The College of Architecture, Arts and Humanities has appointed new leaders in three academic departments.
“I am thrilled to be welcoming these three new chairs to the College Leadership Team, and excited about where they will take their respective departments,” said Nicholas Vazsonyi, Dean of the College. “All three have already shown their caliber as acting and interim chairs, and come to the job with the support and confidence of their fellow faculty and staff.”
Linda Dzuris, Professor of music at Clemson since 1999, has been named Chair of the Department of Performing Arts. Dzuris has served as acting department chair since August.
“I am honored to lead a department that offers a nationally distinctive performing arts program,” Dzuris said. “It is truly a privilege to serve faculty that are not only highly accomplished in their respective fields of expertise, but also passionate educators. Of course, having the Brooks Center for the Performing Arts as the home for the performing arts on campus provides a living laboratory for brilliant creative collaboration. That’s exciting.”
She looks forwarding to the eventual return of live performances to the Brooks Center.
“A top priority is finding a way to bring performances back to Clemson in a safe manner as soon as possible. We are also hoping for the opportunity to present outdoor events with appropriate social distancing,” Dzuris said.
Diversity and inclusion will be a focus of Dzuris’ tenure.
“Planning for next season’s events will have the BIPOC (Black, Indigenous and People of Color) community in mind and increased efforts to recruit BIPOC students will be made,” she said.
Dzuris is an internationally recognized performer on the carillon, the keyboard instrument mechanically linked to bells in a bell tower. She became Clemson’s first University Carillonneur in 1999, performing and teaching on the 48-bell Clemson University Memorial Carillon housed in Tillman Hall. Dzuris is a performance instructor of the North American Carillon School, which was established in 2013 as affiliate and American representative of the Royal Carillon School ‘Jef Denyn’ in Mechelen, Belgium. She received her B.M., M.M., and D.M.A. degrees in organ performance and church music from the University of Michigan. She has been a featured guest artist in carillon concert series throughout the United States, Spain, France, Switzerland and The Netherlands.
Amit Bein, Professor of Middle Eastern studies, has been named Chair of the Department of History and Geography. Bein served as interim chair of the department for the past six months.
“I am excited about the opportunity entrusted upon me to continue leading the Department of History and Geography,” Bein said. “My main task continues to be to help our diverse faculty in putting their creativity to work so they are able to continue producing exciting and innovative scholarship and offer our students the most inspiring and thought-provoking learning experiences in the classroom and beyond.”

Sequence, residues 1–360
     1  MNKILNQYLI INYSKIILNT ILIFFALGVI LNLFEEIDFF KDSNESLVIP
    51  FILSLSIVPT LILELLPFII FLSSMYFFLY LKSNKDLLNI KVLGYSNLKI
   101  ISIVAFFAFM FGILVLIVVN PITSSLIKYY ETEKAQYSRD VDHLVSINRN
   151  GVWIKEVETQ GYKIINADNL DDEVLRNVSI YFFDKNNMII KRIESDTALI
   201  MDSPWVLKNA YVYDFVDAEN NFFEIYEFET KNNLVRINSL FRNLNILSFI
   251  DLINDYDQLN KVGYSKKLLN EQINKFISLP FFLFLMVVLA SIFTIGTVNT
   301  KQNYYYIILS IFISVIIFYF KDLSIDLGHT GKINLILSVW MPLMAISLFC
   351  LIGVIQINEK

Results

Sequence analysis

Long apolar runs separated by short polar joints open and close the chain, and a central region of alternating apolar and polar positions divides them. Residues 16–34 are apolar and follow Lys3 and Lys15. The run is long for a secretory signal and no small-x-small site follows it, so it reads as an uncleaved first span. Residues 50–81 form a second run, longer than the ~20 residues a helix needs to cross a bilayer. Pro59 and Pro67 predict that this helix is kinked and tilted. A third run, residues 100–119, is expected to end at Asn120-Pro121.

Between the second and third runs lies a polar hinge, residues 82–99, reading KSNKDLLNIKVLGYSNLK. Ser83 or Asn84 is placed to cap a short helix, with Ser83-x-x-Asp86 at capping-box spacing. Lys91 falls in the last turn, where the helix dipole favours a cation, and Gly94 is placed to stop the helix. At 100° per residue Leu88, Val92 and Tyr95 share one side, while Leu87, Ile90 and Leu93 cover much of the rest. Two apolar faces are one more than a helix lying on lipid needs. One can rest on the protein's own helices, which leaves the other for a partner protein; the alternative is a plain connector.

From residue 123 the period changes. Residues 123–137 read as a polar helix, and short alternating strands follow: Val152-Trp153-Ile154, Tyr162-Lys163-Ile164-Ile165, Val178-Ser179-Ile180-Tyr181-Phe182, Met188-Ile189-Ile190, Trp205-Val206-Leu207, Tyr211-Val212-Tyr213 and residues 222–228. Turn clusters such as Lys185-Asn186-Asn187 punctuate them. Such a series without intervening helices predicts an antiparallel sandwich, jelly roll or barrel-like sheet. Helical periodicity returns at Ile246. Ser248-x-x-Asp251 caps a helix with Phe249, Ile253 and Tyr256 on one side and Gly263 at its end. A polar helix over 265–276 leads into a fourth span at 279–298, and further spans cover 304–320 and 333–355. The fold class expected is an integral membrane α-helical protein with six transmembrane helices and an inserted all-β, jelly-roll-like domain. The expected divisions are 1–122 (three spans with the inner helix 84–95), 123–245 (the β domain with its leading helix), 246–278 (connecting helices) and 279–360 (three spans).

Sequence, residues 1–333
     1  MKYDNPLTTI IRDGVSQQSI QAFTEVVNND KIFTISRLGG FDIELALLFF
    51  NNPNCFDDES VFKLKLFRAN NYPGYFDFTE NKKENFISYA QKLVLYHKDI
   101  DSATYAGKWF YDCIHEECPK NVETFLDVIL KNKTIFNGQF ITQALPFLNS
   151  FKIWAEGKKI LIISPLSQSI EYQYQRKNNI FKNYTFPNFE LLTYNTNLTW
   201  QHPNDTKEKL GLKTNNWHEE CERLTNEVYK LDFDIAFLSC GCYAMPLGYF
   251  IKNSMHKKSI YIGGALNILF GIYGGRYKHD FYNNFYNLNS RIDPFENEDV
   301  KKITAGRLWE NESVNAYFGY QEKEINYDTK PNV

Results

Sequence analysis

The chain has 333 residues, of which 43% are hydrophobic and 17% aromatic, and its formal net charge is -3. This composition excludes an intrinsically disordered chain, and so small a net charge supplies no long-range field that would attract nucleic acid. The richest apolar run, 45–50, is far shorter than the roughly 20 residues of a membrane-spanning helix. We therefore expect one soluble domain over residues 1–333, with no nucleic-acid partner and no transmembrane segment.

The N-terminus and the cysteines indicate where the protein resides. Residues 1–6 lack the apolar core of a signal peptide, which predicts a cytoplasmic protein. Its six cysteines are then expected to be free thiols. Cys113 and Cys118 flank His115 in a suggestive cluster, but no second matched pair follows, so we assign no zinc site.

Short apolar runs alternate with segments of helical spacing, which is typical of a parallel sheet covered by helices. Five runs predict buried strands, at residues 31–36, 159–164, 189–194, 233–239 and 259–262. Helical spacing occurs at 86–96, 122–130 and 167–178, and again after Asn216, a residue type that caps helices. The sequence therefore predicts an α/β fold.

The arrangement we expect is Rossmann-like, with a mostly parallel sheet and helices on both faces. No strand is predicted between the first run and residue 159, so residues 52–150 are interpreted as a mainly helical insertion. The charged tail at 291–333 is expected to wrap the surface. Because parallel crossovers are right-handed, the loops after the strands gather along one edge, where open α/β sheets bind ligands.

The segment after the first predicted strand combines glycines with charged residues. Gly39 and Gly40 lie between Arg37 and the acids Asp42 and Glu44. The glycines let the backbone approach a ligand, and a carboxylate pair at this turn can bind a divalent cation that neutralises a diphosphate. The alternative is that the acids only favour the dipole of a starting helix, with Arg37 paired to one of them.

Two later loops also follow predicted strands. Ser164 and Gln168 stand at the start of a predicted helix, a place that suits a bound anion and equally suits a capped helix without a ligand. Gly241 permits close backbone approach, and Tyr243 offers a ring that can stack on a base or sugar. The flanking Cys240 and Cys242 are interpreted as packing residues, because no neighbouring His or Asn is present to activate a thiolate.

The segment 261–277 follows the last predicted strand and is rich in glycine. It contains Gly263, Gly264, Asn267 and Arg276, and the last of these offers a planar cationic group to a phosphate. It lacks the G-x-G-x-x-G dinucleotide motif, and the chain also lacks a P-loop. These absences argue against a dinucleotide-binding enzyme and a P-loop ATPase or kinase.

Bein came to Clemson in 2006 as an assistant professor of history and served as Associate Professor from 2012 until his promotion to Professor in 2018. He earned his Ph.D. in Near Eastern studies from Princeton University in 2006 after earning master’s and bachelor’s degrees from Tel Aviv University. Born in Israel, Bein conducts research in multiple languages, including Turkish, Arabic, Hebrew, French and German.
Bein is the author of two books, including Kemalist Turkey and the Middle East: International Relations in the Interwar Period (Cambridge University Press, 2017). He also has written many articles and conference papers on the Middle East, focusing particularly on the Ottoman Empire and modern Turkey.
Kelly Smith, Professor of philosophy and biological sciences, has been appointed Chair of the Department of Philosophy and Religion. Smith has served as interim chair of the department since May 2019.
“My department is known for truly excellent teaching as well as top notch research, which is of course something I want to maintain as chair,” Smith said. “There are lots of interesting opportunities for branching into new directions as well. Our Law, Liberty, and Justice program continues to thrive, complemented by our newly acquired sponsorship of the William T. Howell Pre-Law Society and our legal internships. The major initiative we want to accomplish this year, however, is to revamp the philosophy curriculum. That should reinvigorate the faculty and offer new opportunities for our students.”
Smith received his M.S. in Biology from Duke University in 1992, followed by his Ph.D. in Philosophy in 1994. Smith’s research is wide ranging and includes work on philosophical issues surrounding the search for life on other planets, the concept of “genetic disease,” the relationship between religious faith and scientific reasoning, ethical implications of new technologies, complex systems in developmental and evolutionary biology, and the origins and nature of life.
Smith has worked with a number of organizations, including NASA, The Library of Congress and the European Space Agency. He has been interviewed on scientific topics over the years by several media organizations, including CNN, National Public Radio, The Wall Street Journal and The Chronicle of Higher Education.
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